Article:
June 26, 2020
This week's e-news has been posted.
Read More »May 29, 2020
Click here to learn moreRead More »May 15, 2020
MCDHH is proud to announce that this evening—May 15, 2020—just minutes before the close of the 2020 Legislative Session, the Missouri House of Representatives Truly Agreed To and Finally Passed House Bill 1963 by a vote of 121-31. Within this piece of legislation was the content of Senate Bill 748, which will allow Deaf and Hard of Hearing Missourians to obtain a commercial driver’s license (CDL). It was the last bill to pass through the House this session. The measure will now make its way to Governor Parson’s desk to be signed into law.
According to MCDHH Executive Director Dr. Opeoluwa Sotonwa, Missouri was not taking full advantage of waivers available through the U.S. Department of Transportation for Deaf and Hard of Hearing Missourians to get a CDL. A waiver can exempt a driver from the so-called “whisper test,” which requires them to discern whispered words from a certain distance away. He testified, “Missouri’s current regulations align with the federal Department of Transportation’s guidelines on the issue. However, without recognition of the waiver by Missouri Department of Transportation, Missouri drivers are left out. Studies have shown that Deaf drivers are safe drivers, like their hearing counterparts; some may even have some advantage with superior concentration and increased peripheral vision” said Dr. Sotonwa.
According to recent reporting from CNN, a study by the American Trucking Association prior to the COVID-19 pandemic shows a serious shortage of commercial truck drivers across the U.S., estimating over 160,000 unfilled positions over the next decade. The current health crisis could make these numbers even higher.
Being at the center of much of the country’s ground shipping, with major roadways like Interstates 44 and 70 crossing the state, Missourians are in the perfect place to join the trucking industry amidst a labor shortage. The CDL waiver will open this opportunity to Deaf and Hard of Hearing Missourians as well.
The success of this legislation is credited to Senator Bill White and Representative Travis Fitzwater for sponsoring this legislation. Senator Bill White has championed similar legislation for the last few years and sponsored Senate Bill 748 this year; Rep. Fitzwater took the initiative under his wing by adding it to his bill, House Bill 1963, which gave it the best chance of passage amidst today’s unique political circumstances.
MCDHH will provide further guidance on how to apply for a CDL waiver when the bill is signed into law by Governor Parson and more information is available from the Missouri Department of Transportation.Read More »May 15, 2020
MCDHH is proud to announce that shortly after noon today—May 15, 2020—the Missouri House of Representatives Truly Agreed To and Finally Passed House Bill 1682. Within this piece of legislation was the content of House Bill 1572, which establishes September as Deaf Awareness Month, and its last week as Deaf Awareness Week in the State of Missouri. The measure will now make its way to Governor Parson’s desk to be signed into law. We cannot thank Representatives Jerome Barnes and David Wood enough for their support on this legislation. Rep. Barnes has championed similar legislation for the last several years and sponsored House Bill 1572 this year; Rep. Wood took the initiative under his wing by adding it to his bill, House Bill 1682, which gave it the best chance of passage amidst today’s unique political circumstances. We look forward to celebrating with you all in September, and every September to come, as our state will now official recognize Deaf Awareness Month.Read More »November 22, 2019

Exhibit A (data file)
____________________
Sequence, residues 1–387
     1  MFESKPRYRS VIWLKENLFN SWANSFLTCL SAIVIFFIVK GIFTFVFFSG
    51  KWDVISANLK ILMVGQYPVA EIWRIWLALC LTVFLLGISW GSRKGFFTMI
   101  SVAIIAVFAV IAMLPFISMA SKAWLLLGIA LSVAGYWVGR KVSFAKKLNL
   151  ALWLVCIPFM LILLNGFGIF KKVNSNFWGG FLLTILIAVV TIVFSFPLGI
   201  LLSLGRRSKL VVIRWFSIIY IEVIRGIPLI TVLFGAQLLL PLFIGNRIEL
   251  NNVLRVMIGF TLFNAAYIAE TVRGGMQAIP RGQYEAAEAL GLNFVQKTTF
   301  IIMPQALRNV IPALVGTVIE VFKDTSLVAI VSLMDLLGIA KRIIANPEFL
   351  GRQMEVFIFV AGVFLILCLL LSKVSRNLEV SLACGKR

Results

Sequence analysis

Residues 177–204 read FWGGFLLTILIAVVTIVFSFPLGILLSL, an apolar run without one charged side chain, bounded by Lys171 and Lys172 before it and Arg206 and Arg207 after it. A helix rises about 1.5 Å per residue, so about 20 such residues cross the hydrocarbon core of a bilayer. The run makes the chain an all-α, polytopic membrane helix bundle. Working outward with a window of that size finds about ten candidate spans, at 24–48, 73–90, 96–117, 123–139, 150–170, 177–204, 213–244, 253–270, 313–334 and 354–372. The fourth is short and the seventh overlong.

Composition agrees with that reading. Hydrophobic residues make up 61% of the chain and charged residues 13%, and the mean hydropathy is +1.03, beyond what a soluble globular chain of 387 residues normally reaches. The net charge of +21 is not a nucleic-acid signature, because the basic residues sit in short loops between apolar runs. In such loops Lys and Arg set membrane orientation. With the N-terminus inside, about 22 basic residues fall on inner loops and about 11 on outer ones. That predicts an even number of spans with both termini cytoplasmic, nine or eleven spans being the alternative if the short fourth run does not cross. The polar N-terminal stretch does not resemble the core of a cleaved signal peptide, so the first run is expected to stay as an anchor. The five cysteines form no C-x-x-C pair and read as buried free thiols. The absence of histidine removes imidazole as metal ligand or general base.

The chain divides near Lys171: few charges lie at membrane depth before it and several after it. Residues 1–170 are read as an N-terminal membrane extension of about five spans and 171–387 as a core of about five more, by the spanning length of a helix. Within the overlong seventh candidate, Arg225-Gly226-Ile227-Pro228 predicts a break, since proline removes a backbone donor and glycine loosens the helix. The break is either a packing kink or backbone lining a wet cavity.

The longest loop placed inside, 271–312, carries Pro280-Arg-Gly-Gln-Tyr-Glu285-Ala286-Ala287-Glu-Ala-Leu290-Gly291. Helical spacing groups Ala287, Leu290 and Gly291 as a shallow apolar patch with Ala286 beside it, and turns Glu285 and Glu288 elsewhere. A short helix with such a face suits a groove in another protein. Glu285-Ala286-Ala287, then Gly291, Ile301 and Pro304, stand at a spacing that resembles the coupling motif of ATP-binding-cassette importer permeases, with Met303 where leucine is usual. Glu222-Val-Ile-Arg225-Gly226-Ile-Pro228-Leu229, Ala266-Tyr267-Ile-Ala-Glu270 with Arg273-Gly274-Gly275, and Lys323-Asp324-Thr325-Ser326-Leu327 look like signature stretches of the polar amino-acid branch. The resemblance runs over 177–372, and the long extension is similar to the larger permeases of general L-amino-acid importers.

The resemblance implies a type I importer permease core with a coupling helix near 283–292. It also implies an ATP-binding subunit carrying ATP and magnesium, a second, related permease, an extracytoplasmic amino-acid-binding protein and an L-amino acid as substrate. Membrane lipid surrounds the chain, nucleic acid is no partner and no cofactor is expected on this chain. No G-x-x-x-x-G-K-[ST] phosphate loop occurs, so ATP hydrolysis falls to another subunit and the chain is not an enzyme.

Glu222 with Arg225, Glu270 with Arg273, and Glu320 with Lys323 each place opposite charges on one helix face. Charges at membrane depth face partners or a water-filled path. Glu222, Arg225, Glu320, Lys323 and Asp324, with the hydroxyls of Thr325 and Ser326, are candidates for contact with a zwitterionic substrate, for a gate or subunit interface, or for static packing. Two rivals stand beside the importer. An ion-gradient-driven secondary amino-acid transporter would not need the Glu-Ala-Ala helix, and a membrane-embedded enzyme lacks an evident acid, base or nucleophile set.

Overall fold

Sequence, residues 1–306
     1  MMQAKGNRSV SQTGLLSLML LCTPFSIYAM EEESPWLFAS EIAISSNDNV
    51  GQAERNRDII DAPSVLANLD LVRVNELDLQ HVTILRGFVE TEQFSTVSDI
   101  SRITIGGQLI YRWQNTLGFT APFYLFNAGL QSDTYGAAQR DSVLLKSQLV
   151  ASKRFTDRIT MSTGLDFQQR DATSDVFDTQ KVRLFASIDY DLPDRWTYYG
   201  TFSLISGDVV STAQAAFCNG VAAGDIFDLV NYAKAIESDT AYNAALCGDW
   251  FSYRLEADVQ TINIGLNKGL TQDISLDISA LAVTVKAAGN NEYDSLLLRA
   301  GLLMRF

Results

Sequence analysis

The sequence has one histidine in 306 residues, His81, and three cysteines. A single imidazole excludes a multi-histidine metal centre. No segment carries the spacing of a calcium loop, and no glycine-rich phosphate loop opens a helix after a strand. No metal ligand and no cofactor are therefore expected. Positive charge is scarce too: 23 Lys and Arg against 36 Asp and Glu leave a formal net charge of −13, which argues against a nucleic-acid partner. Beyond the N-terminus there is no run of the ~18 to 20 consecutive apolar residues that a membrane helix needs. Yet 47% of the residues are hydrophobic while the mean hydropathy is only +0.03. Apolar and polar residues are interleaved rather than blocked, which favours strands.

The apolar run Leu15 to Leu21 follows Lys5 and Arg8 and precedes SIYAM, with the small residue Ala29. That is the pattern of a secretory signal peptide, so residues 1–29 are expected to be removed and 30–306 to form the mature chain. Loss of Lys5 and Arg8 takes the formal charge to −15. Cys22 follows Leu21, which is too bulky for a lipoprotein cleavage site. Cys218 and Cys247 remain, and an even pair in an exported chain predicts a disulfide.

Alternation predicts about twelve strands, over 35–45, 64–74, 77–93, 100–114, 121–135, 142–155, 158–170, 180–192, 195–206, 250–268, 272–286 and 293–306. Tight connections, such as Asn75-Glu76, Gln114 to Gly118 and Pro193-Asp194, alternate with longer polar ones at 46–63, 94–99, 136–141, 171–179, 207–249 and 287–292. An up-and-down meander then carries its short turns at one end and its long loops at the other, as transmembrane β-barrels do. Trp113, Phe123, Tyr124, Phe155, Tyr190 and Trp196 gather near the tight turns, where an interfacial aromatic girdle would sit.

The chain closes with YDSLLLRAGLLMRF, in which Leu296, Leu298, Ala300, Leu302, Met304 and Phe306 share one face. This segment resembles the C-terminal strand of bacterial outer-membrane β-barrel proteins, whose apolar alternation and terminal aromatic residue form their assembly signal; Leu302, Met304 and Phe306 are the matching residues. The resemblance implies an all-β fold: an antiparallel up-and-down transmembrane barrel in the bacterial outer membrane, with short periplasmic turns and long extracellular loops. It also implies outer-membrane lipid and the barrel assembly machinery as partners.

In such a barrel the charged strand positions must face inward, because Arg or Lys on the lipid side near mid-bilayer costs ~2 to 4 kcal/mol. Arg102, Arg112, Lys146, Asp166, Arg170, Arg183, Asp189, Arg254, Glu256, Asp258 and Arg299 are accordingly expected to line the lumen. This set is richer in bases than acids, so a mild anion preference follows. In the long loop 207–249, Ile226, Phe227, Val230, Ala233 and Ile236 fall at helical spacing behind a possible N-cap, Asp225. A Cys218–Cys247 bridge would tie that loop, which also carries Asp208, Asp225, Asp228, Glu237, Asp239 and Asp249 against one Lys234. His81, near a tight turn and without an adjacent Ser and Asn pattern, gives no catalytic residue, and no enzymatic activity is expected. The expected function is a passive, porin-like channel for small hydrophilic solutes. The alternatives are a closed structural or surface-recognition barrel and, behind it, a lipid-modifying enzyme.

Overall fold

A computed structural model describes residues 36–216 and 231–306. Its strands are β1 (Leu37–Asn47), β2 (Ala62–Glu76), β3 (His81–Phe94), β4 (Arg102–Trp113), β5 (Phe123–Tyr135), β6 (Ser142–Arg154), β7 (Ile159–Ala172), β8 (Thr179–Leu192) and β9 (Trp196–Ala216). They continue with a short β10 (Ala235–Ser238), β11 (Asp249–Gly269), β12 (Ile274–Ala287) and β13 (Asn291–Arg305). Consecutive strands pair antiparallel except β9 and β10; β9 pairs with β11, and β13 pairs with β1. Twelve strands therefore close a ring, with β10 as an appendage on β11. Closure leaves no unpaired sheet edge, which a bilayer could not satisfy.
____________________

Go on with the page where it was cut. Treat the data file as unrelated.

Dear MO SSP Program participants and service providers:
On behalf of the Missouri Commission for the Deaf and Hard of Hearing and the SSP Program Task Force, I would like to thank you all for your patience and feedback as we have worked together with Beyond Interpreting to resolve some issues with the SSP Program over the last few weeks. This process has deepened our understanding of the value of this program; we have been contacted by numerous DeafBlind consumers and SSPs who have expressed in many ways how this program has changed their lives. While the hold on services has been frustrating for all of us, we believe that moving forward we have a much stronger program to work with.
After much discussion and research, the primary outcome is that SSPs will not be able to transport DeafBlind individuals in their personal vehicles moving forward. This decision is in place to ensure the safety of all program participants, as well as the longevity of the SSP program. I urge you to read the white paper we have developed on this issue and minutes from the task force meeting, if you would like to know more about how this decision was reached. Links to these documents are available at the bottom of this page.
Beyond Interpreting will be releasing more specific details of how this decision will impact the program in the coming days, along with some other important changes. We encourage you to review their announcements and materials thoroughly in order to make this transition as smooth as possible. As always, the staff at Beyond Interpreting and MCDHH are here to answer any questions you may have and receive your feedback and concerns with an open mind.
Business Operations Manager
Missouri Commission for the Deaf and Hard of Hearing
Voice, Direct Line: (573) 526-0232
SSP Transportation White Paper: https://mcdhh.mo.gov/wp-content/uploads/sites/12/2019/11/transportation-white-paper.docx
SSP Task Force Meeting Minutes, November 15, 2019: https://mcdhh.mo.gov/wp-content/uploads/sites/12/2019/11/ssp-minutes-november-15-2019.docxRead More »